Beranger, Gabriel (d. 1817), artist, was born c.1729 in Amsterdam of French huguenot origin. His parents and education are unknown, but he apparently came to Ireland in 1750 and stayed there until his death. He kept a print shop and artist's warehouse at 5 South George's St., Dublin, from 1766 until at least 1779; he was also assistant ledger-keeper in the government exchequer office (1783–9). He executed watercolours in and around Dublin (1763–81), but he is also known to have ranged further afield: to Wicklow (1773); Navan (1775); Connacht and Ulster – accompanied by Bigari – and Glendalough (1779); Wicklow and Wexford, accompanied by John James Barralet (qv) (1780), where he gathered linguistic information on the native ‘yola’ language, published later by Charles Vallancey (qv); Dundalk (1781); and, finally, Moira, Co. Down (1799). He was among the main artists employed c.1779–83 by William Burton (qv), later Baron Conyngham, president of the Hibernian Antiquarian Society, to collect illustrations of Irish antiquities for subsequent engraving in a planned series of volumes, which the Society never published. Beranger married first his cousin Louise (d. 1782) and second Elizabeth Mestayer of France, sister of a colonel in India. There were no children. He died in Dublin 18 February 1817.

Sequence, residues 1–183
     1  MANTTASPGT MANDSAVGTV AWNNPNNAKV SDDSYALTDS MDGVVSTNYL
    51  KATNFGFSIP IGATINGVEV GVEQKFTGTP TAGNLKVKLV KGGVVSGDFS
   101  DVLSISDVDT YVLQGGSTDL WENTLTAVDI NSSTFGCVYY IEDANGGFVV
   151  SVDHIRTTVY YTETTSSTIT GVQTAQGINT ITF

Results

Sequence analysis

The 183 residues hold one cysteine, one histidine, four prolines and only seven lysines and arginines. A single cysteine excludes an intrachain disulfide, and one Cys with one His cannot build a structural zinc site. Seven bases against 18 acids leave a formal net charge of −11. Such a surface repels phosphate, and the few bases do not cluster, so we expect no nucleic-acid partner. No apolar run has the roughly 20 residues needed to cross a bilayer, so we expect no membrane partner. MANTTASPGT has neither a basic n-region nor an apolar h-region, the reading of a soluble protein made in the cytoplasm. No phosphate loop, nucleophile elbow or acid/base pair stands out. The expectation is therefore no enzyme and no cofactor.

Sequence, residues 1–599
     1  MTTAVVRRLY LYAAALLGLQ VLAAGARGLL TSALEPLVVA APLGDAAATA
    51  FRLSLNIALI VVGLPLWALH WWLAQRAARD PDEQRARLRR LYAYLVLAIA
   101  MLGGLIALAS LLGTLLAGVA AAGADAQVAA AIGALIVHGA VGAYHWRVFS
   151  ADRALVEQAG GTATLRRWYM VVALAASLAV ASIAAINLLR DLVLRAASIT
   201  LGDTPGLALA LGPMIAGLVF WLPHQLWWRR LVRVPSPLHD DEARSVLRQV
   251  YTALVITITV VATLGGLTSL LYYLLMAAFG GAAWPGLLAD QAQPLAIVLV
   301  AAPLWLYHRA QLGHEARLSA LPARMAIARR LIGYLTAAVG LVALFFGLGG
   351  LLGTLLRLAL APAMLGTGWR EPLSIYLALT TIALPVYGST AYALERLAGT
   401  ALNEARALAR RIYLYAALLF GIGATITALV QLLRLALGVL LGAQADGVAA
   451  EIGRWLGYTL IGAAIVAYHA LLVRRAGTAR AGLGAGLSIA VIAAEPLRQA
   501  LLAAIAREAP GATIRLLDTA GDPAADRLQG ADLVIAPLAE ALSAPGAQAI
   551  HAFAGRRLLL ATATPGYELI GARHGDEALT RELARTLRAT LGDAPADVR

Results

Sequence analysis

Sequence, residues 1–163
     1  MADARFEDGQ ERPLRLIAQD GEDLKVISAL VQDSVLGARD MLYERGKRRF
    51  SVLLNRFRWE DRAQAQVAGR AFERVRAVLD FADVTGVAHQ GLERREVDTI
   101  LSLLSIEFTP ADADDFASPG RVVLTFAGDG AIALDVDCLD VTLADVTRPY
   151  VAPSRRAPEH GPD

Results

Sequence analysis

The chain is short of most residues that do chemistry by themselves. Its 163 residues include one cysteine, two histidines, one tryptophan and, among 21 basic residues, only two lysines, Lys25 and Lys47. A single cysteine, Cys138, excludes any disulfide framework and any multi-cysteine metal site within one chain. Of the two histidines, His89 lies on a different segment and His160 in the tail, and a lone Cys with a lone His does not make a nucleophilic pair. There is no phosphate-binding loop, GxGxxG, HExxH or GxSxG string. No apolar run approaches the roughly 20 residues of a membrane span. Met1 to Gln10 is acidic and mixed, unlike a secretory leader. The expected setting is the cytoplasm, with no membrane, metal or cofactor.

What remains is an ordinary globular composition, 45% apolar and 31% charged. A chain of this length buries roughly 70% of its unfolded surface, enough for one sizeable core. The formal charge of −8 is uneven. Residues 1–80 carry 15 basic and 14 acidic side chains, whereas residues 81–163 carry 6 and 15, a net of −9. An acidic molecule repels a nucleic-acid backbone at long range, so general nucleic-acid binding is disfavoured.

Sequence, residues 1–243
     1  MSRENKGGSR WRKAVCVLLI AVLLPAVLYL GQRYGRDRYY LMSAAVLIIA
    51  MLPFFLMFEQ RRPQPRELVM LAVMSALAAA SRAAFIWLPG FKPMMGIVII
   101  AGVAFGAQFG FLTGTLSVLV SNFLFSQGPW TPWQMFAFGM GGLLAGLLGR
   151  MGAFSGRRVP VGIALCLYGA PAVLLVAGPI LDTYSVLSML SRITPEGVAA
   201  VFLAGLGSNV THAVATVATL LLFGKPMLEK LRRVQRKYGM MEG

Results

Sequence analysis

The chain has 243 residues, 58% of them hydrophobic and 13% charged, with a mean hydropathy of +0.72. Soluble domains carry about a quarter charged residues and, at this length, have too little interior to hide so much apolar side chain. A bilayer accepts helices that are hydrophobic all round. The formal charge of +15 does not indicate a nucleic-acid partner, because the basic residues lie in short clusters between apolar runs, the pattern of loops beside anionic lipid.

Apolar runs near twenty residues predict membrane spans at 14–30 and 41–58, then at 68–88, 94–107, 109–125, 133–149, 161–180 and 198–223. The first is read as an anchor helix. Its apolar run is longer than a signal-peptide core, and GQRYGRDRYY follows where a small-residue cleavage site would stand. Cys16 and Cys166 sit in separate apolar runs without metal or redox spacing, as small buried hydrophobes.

His name sank into oblivion until Sir William Wilde (qv) championed his cause in the 1870s. Wilde's biography was posthumously completed by his widow ‘Speranza’ (qv) and published as a monograph (1880). It includes extensive quotation from Beranger's manuscript journals (1773–81), since lost, and thus remains the main source of biographical details. Wilde never met Beranger but described him as ‘spare in person, of middle height’, with well-cut brow, bushy eyebrows, and ‘a clear, observant, square-ended nose, that sniffed humbug and took in fun’. Certainly a man with a sense of humour, much welcomed wherever he went, Beranger was a competent watercolourist, not at his best in landscape yet very good on buildings of antiquity (frequently portraying himself in the foreground, seen from behind); he also produced strongly-coloured drawings of flowers and birds, which are, sadly, no longer identifiable.
Very few of Beranger's drawings were engraved, though some appeared anonymously in Collectanea de rebus Hibernicis. Original watercolour drawings are in two large volumes (NLI, MS 1958, RIA, MS 3.C.30) and two postcard-size albums, ‘Rambles through the county of Dublin and some others’ (RIA, MS 3.C.31–2), as well as individual drawings in the NLI, RIA, UCD Library, Ulster Museum, and many private collections. Two further small-sized albums are known to have existed (one owned and lost by a Mr Clarke). The large quarto 118-page MS with descriptions of Beranger's 1773–81 tours, once owned by Wilde, cannot be found, but NLI MSS 4162 and 5628 preserve notes on Beranger's ‘Tour thro’ Connacht in 1779’ and ‘Tour thro’ Wicklow and Wexford in 1780’. NLI MS 1415 contains some original letters.